Closing of Meroe Bookshop

I learned today from this article in al-Baeed (which is, by the way, a fantastic Sudanese website for readers of Arabic) that Meroe bookshop in Khartoum is closing down. Apparently the rent is being raised and it cannot afford to pay it. It is quite likely that they will move somewhere else and continue their work. Still, I thought I would take the chance to pay tribute to it briefly here. As a slightly obsessive book-buyer, it would remiss of me not to appreciate the people and places that allow me to do this.

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During the process of working on The Book of Khartoum, an anthology of Sudanese short stories, I was lucky enough to go to Khartoum a number of times and visit this bookshop. On one occasion, they even gave me some breakfast. In addition to collections of short stories I also picked up a number of interesting books, which appear to have been produced in small runs and are cheaply, but quite beautifully, made (The first of these is a book of short stories and other short writings called “Who will buy my grief” and the second is a poem called “The local council”):

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I also managed to pick up some nice postcards (of which I also keep a small collection to send to people as thank you cards etc.. I recommend you do the same). Here is one:

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However, perhaps the most interesting story about a book I got from Meroe bookshop is not directly connected to Sudan. When I was in Khartoum I was also in the middle of my dissertation on Arabic adaptations of Oedipus Rex. In the bookshop, I noticed a few copies of the 1986 Madbuli edition of Ali Salem’s Comedy of Oedipus. It is a book that is quite hard to find in Egypt so I picked up a couple of copies. After Khartoum, I went on to Cairo and, after a little searching, managed to get in contact with Ali Salem. He invited me to meet him at the Five Bells in Zamalek.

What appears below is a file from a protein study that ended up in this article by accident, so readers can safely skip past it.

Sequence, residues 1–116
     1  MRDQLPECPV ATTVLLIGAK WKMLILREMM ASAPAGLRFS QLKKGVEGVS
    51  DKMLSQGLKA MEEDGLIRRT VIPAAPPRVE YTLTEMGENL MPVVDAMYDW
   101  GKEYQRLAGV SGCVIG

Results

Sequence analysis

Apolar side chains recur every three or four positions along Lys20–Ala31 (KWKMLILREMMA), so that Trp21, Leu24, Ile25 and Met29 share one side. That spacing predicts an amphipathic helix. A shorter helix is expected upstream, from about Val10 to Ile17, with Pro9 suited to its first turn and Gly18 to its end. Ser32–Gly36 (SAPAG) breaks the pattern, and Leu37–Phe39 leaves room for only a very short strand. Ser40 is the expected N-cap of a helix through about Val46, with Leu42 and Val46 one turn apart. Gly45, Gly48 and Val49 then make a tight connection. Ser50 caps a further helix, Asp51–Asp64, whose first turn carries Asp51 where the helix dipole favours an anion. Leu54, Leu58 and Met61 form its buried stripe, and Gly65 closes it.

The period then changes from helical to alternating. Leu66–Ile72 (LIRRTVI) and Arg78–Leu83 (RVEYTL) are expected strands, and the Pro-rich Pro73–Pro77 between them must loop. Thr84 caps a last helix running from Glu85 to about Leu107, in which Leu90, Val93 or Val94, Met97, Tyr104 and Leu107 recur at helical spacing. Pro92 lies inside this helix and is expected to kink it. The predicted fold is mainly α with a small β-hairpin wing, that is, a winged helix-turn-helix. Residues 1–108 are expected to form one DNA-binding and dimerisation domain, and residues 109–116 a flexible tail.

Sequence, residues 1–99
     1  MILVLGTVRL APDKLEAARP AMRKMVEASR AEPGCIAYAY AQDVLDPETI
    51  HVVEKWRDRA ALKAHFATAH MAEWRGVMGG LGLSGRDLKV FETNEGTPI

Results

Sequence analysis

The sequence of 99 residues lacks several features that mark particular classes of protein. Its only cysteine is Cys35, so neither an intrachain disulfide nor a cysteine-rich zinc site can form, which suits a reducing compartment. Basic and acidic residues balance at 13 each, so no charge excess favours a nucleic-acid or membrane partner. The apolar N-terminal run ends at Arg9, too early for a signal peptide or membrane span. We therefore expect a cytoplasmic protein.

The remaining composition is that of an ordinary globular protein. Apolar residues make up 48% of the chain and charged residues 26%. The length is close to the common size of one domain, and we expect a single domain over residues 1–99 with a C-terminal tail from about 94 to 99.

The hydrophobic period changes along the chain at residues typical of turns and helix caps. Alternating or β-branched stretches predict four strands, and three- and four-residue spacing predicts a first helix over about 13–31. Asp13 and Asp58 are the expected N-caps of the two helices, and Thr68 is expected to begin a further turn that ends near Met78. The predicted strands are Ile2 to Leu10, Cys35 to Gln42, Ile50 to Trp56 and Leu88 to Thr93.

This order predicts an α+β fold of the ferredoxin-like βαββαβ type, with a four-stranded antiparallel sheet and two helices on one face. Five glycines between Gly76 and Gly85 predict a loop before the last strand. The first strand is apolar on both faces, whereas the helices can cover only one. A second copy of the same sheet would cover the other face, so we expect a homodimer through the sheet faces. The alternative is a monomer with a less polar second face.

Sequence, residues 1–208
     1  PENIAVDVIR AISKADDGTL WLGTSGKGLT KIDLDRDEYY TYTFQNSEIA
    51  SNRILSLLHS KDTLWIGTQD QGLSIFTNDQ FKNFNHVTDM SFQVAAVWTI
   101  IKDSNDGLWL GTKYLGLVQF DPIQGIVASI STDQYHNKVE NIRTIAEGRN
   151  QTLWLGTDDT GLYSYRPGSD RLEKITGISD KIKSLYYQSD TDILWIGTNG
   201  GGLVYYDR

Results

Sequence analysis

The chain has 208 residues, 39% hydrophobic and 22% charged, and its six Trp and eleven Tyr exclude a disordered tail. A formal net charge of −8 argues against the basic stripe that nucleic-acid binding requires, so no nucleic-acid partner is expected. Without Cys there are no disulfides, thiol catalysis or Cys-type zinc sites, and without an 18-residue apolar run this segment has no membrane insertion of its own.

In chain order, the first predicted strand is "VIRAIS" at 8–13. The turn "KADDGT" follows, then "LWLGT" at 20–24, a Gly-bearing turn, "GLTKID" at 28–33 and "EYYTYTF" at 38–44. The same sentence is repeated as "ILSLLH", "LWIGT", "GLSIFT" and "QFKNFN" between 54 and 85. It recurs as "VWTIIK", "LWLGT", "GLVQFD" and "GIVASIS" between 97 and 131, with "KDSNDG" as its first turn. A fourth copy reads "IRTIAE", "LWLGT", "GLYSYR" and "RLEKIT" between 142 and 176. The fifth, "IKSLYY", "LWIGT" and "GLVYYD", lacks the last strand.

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I assumed that it would be a short interview and we could talk about his work. I also brought the copies of Comedy of Oedipus so he could see them and perhaps sign one for me. When I arrived at the place (early as usual), I found out that it would not be an academic meeting but that it was his birthday party. I showed him the copies of the book, which he was very happy to see because, he told me, they had been banned in Egypt. I got him to sign one and, as he thought it was quite funny to pick up a book that had been banned in Egypt in Khartoum, I gave him the other as a birthday present. Ali Salem sadly passed away last year but I still have the book as a memory of his generosity and of Meroe bookshop.

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I hope that they will find somewhere with cheaper rent to house Meroe Bookshop. For now, I want to recall my debt to the shop and its staff.

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